# If the graph $G$ has an Eulerian circuit, prove that its line graph has a Hamiltonian cycle

Let G be a simple, undirected graph. Construct another graph G' as follows — for each edge e in G, there is a corresponding vertex ve in G' , and for any two vertices ve and ve ' in G' , there is a corresponding edge {ve, ve '} in G' if the edges e and e ' in G are incident on the same vertex. We conjectures that if G has an Eulerian circuit, then G' has a Hamiltonian cycle. Prove or disprove this conjecture. You may assume that G has at least one edge.

I'm struggling to understand what this G' would even look like. Thanks

• $G'$ is a Line Graph of the original graph. Visit the link for examples and further description. As for the content of the assignment, consider the fact that $G$ has an eulerian circuit that goes through the edges of $G$ in a specific order. How might a circuit in $G$ going through a sequence of edges correspond to something in $G'$? Would the circuit taken in $G$ correspond to a circuit in $G'$? What properties might the circuit in $G'$ have? – JMoravitz Nov 14 '17 at 5:09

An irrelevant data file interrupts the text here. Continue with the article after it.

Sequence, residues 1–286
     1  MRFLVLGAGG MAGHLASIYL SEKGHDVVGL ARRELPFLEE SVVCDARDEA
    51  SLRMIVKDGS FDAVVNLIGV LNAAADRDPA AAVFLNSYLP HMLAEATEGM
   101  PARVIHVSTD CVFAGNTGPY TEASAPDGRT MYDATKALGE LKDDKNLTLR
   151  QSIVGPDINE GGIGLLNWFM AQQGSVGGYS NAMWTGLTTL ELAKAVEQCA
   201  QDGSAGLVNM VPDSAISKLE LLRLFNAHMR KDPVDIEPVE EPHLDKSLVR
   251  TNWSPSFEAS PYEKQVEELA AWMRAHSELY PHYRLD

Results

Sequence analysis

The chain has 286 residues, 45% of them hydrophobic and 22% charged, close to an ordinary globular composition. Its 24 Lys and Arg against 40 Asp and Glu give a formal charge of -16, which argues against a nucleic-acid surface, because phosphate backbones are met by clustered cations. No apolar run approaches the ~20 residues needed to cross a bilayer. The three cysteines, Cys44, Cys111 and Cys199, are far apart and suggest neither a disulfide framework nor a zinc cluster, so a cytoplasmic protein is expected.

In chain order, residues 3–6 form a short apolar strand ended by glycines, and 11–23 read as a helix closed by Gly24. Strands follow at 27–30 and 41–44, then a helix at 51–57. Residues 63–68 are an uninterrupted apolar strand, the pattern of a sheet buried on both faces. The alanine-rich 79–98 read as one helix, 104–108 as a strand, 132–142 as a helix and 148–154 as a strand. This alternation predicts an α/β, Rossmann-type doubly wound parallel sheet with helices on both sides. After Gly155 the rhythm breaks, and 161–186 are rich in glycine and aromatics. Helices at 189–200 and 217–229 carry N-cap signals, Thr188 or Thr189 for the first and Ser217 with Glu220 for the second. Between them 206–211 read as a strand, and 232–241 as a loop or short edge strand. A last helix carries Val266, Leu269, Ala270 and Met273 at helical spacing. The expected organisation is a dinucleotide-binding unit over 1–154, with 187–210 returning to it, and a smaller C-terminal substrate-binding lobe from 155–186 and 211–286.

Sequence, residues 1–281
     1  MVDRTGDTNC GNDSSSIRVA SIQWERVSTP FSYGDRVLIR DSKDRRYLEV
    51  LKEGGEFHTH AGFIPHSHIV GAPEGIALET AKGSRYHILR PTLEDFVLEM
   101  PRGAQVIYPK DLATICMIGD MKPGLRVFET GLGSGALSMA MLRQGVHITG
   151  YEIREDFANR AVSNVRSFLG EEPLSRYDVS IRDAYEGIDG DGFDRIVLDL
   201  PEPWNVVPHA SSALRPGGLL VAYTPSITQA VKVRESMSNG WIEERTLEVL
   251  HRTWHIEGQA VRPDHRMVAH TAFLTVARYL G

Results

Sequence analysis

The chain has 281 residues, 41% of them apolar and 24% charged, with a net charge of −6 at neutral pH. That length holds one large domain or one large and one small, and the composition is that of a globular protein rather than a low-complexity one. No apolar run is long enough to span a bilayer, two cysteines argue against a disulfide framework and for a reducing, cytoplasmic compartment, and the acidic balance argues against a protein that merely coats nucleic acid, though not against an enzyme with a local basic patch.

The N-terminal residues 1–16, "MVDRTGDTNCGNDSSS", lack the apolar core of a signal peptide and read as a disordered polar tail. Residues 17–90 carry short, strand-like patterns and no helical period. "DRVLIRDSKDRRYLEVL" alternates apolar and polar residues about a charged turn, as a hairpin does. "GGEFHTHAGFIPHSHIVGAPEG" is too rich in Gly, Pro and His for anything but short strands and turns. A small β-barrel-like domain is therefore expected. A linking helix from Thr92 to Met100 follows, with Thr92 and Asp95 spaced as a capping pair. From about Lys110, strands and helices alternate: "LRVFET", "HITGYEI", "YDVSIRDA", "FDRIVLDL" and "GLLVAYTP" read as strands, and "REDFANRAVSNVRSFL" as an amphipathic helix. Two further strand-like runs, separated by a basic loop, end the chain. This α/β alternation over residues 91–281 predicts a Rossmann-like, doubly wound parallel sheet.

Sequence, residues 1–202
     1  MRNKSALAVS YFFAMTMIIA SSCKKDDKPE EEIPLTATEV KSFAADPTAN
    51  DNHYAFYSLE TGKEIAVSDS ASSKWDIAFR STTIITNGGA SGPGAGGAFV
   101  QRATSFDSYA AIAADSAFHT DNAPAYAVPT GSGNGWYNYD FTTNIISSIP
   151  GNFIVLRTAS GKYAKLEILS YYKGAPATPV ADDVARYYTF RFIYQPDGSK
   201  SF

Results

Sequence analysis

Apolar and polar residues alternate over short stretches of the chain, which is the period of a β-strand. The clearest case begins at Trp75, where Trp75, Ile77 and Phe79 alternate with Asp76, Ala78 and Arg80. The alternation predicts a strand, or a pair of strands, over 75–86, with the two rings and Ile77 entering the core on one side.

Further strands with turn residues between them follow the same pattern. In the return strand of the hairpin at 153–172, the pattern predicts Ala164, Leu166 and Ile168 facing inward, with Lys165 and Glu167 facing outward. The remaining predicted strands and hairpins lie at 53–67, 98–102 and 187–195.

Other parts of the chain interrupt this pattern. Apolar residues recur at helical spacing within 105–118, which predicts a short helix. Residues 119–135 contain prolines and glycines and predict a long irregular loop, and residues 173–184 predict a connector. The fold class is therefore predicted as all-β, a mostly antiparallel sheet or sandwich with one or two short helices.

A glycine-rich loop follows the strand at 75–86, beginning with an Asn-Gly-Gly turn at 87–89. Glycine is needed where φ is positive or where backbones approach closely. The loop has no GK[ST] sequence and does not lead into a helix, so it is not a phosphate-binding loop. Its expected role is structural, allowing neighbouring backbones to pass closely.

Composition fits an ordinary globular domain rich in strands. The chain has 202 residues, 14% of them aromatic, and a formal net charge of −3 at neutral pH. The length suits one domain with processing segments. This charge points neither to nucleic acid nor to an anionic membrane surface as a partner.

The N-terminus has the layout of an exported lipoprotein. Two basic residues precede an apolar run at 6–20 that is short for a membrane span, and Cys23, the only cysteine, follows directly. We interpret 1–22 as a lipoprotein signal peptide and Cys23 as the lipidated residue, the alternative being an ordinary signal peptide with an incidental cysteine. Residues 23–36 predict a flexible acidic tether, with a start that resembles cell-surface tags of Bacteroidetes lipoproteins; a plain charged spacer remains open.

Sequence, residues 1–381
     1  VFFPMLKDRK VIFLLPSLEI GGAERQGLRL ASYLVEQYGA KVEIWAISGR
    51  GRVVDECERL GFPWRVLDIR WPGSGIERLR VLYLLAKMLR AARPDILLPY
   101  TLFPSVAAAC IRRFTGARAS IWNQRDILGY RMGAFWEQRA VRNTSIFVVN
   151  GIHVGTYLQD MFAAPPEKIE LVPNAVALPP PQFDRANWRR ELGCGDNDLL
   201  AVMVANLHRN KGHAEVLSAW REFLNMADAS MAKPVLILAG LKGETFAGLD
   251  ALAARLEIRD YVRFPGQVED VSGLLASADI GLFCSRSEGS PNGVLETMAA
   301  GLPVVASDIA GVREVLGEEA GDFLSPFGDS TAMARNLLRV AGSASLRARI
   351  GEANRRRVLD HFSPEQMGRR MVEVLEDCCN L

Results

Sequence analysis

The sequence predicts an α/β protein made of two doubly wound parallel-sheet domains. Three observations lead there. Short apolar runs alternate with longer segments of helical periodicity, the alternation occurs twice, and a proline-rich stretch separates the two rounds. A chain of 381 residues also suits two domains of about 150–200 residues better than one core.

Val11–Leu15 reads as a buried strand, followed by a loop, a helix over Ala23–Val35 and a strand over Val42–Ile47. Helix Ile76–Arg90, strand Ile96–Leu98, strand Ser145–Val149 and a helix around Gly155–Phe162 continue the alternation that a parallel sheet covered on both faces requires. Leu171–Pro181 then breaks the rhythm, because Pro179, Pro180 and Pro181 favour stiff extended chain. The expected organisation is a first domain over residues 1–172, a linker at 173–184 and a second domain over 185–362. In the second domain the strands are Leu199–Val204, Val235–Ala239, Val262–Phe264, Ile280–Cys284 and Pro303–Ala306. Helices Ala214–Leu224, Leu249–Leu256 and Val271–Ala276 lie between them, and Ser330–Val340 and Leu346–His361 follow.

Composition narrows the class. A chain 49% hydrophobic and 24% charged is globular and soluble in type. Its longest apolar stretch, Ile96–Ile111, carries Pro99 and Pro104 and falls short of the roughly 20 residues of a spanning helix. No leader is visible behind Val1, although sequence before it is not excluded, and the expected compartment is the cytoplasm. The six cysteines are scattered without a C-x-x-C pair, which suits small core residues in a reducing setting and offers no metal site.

## 1 Answer

Consider the Eulerian circuit in $G$ that passes through edges that we can label $e_1, e_2, \ldots, e_m$, with both $e_1$ and $e_m$ incident on vertex $v_r$. Note that by definition we do not revisit any edge.

Then a Hamiltonian cycle in $G'$ can be found through vertices $v_{e_1},v_{e_2},\ldots,v_{e_m}$ since these vertices are joined by edges, by virtue of the corresponding vertices in $G$ that successive edges in the Eulerian circuit are incident upon.

• The converse is not true, of course. This can be demonstrated by connecting an extra vertex to each vertex of a triangle ($K_3$) for $G$; $G'$ still has a Hamiltonian cycle even though $G$ doesn't even have an Eulerian path. – Joffan Nov 16 '17 at 20:59